The Netherlands is one of the few places in the world where dismissing an employee requires prior authorization from the government (unless it is done summarily for urgent cause).
In order to dismiss an employee for poor performance or misconduct, an employer must submit an application to the Cantonal Court. This process may take many months, even up to a year or more depending on the backlog. In the case of a redundancy (a job disappearing due to economic or reorganizational reasons), the employer must submit an application to the local Employee Insurance Office (Uitvoeringsinstituut Werknemersverzekeringen (or UWV). This process usually take between six weeks to two months but can take longer. Both processes require the employer to legally justify the dismissal with evidence, and both allow the employee to present his or her side of the case.
However, obtaining authorization is not a foregone conclusion; therefore, many dismissals are achieved through the negotiation of a mutually agreed upon separation agreement. Some factors that can affect the negotiations are the strength of the employer’s case and how much the employee wants to avoid discharge and/or bargain for a larger severance package.
Here are a few tips to consider when discharging an employee in the Netherlands:
Tip 1: Best Possible Case
When negotiating with the employee, if the employer looks unlikely to receive authorization, the employee has less incentive to be reasonable. Therefore, it makes sense to be as prepared with your dismissal arguments when discussing with the employee, as when applying to the UWV.
Tip 2: Sick Leave
Approaching an employee to discuss a mutual separation agreement in the case of a redundancy may induce an employee to go out on sick leave, which would prevent the dismissal from proceeding. Employers are responsible for paying employees sick pay for two (and possibly three) years.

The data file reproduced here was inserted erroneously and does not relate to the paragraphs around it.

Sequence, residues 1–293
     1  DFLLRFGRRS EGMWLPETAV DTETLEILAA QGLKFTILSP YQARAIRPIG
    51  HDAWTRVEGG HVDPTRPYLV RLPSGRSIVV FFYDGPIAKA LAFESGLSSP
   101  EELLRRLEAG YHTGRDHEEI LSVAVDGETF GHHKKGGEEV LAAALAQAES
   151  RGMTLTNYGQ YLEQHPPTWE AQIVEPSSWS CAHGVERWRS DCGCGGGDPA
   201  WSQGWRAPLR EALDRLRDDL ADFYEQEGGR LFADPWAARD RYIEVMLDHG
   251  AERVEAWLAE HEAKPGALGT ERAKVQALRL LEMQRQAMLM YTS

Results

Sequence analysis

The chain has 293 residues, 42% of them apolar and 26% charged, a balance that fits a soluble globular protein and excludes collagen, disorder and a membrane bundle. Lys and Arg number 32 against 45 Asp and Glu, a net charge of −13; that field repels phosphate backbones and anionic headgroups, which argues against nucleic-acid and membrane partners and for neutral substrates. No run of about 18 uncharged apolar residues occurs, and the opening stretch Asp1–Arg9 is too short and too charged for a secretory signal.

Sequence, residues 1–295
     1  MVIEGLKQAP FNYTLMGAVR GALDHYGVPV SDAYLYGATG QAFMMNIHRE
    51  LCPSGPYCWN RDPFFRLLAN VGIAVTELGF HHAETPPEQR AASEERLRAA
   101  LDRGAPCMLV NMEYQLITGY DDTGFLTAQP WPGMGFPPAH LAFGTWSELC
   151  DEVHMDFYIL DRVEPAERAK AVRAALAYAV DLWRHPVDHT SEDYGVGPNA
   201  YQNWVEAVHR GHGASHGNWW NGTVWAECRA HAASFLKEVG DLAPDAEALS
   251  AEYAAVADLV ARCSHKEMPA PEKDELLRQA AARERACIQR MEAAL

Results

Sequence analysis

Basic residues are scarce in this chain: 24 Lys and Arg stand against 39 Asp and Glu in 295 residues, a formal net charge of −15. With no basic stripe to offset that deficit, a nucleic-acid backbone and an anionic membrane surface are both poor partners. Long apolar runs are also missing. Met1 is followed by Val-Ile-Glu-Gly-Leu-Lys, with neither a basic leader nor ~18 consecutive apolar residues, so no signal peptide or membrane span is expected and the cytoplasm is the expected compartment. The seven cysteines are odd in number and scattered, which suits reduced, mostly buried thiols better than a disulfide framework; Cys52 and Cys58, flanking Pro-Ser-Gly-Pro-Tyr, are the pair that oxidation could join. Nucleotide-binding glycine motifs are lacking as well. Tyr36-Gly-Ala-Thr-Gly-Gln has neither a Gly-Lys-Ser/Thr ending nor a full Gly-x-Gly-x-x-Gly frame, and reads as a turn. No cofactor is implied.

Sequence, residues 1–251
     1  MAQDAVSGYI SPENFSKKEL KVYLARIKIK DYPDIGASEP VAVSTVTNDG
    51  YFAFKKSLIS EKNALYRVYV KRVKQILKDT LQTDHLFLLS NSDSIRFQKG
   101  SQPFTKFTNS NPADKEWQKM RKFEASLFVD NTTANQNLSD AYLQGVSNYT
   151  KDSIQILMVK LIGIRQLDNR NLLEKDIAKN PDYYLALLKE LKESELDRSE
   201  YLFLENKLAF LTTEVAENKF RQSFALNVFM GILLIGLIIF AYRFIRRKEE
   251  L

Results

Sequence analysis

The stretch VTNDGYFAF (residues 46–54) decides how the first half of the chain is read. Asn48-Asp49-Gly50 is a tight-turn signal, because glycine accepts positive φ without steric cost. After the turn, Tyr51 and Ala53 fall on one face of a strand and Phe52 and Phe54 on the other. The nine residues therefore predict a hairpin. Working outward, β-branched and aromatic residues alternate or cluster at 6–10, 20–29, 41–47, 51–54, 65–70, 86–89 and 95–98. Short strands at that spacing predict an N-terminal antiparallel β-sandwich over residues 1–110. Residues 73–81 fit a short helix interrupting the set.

Therefore, in the case of a redundancy dismissal, the employer may want to file the basic information of the application for dismissal (including basic information about the parties) in order to stop the clock and preempt sick leave from delaying the process while the employer discusses a mutual agreement. The employer can then use the next couple of weeks to gather documentary evidence in case the negotiations regarding the separation agreement fail, and the application needs to be completed. (If the dismissal is due to a redundancy, then the employee being on sick leave will not prevent the process from moving forward.)
Employers may want to put an employee on “garden leave” (not reporting to work but still receiving pay) while going through this process, but doing so without the employee’s consent is not permitted and could negatively affect its case with the authorities. In addition, if authorization is denied and negotiations fail to yield a mutual separation agreement, the employee will remain employed, and the employer may be forced to figure out how to reintegrate the employee into the workforce.
When planning the timing of the severance payment in a mutual agreement, do not forget that the employee has the right to revoke the agreement during the first 14 days post-execution.